Here at Marketpath, we help companies redesign and launch brand new websites with an easy-to-use content management system on the backend. One challenge that we often run into, however, is gathering compelling content from our clients. This is a widespread problem, not limited to just Marketpath’s client base, but to anyone that is redeveloping their online presence. The dreaded “okay, now what do we say?” question always seems to arise.
Unless you’re paying an outside PR firm or freelance copywriter to write your website copy, it’s going to be left to you and your internal staff. Once you come to this realization, and a few weeks pass by while you’re waiting for someone to step up and write something awesome, you’re going to become desperate. I’d be willing to bet that you’re going to start looking at your old website copy, talking yourself into the “well, it’s not that bad” mindset. You’ll look at old marketing documents, old sales materials, and start sending it to your website development firm. If this sounds familiar, I am here to urge you to stop. Old content on a new site isn’t going to help any more than old content on an old site. So, what to do? Here are a few steps to help:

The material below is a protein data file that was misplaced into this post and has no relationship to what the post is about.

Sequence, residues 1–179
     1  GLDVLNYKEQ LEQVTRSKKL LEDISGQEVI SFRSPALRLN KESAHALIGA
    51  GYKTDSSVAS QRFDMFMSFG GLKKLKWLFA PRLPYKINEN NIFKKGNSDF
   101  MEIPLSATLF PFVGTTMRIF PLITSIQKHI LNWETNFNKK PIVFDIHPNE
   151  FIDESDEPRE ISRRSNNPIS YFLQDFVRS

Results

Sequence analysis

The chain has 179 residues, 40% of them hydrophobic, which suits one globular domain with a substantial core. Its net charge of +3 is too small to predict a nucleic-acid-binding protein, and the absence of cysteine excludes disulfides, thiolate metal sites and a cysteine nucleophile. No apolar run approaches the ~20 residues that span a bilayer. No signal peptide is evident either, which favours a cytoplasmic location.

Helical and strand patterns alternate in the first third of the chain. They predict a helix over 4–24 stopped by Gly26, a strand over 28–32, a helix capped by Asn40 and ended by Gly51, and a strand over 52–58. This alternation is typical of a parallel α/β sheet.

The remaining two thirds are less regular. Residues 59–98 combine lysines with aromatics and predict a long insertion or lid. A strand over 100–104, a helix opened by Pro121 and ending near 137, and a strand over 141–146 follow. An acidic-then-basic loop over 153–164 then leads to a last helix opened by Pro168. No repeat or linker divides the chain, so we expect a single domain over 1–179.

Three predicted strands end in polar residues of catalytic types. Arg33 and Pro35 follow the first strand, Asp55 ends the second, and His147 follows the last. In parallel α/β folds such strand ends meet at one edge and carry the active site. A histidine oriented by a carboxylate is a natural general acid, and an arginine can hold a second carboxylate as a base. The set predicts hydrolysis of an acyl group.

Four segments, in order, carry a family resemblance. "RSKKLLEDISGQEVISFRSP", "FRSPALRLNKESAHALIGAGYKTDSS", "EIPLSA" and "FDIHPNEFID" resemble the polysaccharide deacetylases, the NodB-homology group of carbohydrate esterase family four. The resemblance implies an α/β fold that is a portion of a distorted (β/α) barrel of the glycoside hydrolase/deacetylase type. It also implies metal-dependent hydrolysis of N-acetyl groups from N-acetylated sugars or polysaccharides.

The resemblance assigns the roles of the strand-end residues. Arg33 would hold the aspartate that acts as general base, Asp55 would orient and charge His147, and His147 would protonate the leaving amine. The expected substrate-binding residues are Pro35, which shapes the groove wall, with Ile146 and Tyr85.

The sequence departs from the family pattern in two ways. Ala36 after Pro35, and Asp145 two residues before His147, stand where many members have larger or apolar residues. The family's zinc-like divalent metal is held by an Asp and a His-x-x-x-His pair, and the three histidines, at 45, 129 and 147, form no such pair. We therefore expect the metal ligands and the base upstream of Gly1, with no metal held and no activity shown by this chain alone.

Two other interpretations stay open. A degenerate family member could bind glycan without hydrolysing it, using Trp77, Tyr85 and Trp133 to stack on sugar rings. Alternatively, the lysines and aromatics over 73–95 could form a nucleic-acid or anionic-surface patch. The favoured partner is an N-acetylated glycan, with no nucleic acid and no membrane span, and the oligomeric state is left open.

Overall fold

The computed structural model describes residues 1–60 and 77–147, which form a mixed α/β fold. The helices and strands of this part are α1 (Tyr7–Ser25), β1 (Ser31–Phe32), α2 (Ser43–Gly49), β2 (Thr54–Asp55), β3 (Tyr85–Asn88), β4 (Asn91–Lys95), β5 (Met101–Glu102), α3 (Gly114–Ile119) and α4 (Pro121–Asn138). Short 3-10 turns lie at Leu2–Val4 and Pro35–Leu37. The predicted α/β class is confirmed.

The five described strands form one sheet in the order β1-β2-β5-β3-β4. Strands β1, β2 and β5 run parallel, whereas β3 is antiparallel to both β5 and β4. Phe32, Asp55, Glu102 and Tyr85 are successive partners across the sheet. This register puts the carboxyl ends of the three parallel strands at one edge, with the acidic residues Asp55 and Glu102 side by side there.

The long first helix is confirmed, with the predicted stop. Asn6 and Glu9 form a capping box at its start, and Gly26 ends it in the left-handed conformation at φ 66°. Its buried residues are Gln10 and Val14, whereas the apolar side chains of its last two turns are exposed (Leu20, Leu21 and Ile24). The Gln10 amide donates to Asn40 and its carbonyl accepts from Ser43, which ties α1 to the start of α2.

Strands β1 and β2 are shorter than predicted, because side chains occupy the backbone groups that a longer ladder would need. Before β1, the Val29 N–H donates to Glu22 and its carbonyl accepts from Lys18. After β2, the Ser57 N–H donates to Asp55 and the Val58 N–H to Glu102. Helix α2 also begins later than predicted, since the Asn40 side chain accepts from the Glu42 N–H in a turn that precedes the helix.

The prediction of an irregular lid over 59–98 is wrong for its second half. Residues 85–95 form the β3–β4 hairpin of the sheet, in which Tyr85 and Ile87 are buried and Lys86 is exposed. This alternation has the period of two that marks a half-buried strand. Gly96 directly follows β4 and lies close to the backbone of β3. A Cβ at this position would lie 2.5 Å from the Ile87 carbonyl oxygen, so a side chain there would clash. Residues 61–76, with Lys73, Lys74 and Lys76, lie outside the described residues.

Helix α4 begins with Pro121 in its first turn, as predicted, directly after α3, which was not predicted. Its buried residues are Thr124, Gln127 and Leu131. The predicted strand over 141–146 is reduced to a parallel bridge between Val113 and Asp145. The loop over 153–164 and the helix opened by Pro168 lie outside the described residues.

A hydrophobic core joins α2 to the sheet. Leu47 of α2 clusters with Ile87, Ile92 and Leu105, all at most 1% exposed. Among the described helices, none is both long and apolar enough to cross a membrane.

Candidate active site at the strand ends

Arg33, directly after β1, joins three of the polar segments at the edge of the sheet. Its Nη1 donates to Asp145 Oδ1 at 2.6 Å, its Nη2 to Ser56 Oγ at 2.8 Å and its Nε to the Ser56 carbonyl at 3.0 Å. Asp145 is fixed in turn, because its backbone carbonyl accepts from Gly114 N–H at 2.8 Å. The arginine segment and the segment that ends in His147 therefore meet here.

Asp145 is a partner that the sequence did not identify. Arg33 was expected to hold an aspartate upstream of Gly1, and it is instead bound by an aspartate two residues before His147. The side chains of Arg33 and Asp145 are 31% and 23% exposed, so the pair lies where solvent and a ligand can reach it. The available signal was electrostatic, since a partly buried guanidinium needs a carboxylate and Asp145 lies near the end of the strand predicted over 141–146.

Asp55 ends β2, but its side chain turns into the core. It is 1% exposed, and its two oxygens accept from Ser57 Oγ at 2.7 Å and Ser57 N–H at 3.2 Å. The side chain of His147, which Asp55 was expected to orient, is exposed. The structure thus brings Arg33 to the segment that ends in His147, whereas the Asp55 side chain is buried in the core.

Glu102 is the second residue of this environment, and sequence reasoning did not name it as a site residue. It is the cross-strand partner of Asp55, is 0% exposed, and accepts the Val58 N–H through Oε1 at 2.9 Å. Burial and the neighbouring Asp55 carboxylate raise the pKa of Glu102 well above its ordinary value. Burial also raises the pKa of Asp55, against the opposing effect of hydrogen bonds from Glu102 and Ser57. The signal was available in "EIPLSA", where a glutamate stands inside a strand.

People buy from people. Stop using buzzwords that you’ve become so accustomed to because they don’t sound natural. Write like you’re talking to someone you’ve known for years and see what you end up with. Obviously this depends on the industry (although I always err towards the side of being casual), but humor doesn’t necessarily need to be off limits for your website copy either. Again, show who you really are, let your personality come through, because after all, people are more likely to do business with people they enjoy working with.
I know this sounds counter-intuitive, but talking about you too much on your own website isn’t going to help. Sure, your company’s history might have a place somewhere on the site, but the whole website shouldn’t be about your mission statement. Realizing that visitors to your site have a problem that needs solved is the first step to this piece. Be specific to the problems that you can alleviate. This will help the visitor feel a bit more engaged, as they see their problems being addressed on your website.
Some people love reading, others don’t. Some love videos, others work in offices where their computers might not have sound. Some love images, but not everyone is a picture person. Realizing this and incorporating a wide variety of content types on your site can help appeal to the masses. Static pages, blogs, videos, and image galleries all appeal to different parts of the brain.
What are your tips for creating content that is a little more engaging? Do you have any secrets worth sharing? Comment below!